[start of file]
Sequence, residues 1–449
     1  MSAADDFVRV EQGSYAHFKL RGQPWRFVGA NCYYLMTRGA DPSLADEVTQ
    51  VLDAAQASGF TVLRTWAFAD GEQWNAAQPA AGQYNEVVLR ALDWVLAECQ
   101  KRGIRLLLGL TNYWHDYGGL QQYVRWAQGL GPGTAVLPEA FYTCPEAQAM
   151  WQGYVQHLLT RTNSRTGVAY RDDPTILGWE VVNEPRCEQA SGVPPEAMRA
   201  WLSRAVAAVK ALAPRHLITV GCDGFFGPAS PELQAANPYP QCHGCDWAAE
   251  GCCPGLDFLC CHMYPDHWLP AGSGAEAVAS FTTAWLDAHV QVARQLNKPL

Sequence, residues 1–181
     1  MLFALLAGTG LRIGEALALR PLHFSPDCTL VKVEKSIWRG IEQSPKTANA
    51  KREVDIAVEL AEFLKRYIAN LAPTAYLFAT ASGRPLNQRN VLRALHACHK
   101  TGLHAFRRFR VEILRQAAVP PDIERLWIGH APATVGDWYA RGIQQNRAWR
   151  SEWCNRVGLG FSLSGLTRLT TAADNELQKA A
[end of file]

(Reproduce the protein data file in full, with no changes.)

Sequence, residues 1–449
     1  MSAADDFVRV EQGSYAHFKL RGQPWRFVGA NCYYLMTRGA DPSLADEVTQ
    51  VLDAAQASGF TVLRTWAFAD GEQWNAAQPA AGQYNEVVLR ALDWVLAECQ
   101  KRGIRLLLGL TNYWHDYGGL QQYVRWAQGL GPGTAVLPEA FYTCPEAQAM
   151  WQGYVQHLLT RTNSRTGVAY RDDPTILGWE VVNEPRCEQA SGVPPEAMRA
   201  WLSRAVAAVK ALAPRHLITV GCDGFFGPAS PELQAANPYP QCHGCDWAAE
   251  GCCPGLDFLC CHMYPDHWLP AGSGAEAVAS FTTAWLDAHV QVARQLNKPL

Sequence, residues 1–181
     1  MLFALLAGTG LRIGEALALR PLHFSPDCTL VKVEKSIWRG IEQSPKTANA
    51  KREVDIAVEL AEFLKRYIAN LAPTAYLFAT ASGRPLNQRN VLRALHACHK
   101  TGLHAFRRFR VEILRQAAVP PDIERLWIGH APATVGDWYA RGIQQNRAWR
   151  SEWCNRVGLG FSLSGLTRLT TAADNELQKA A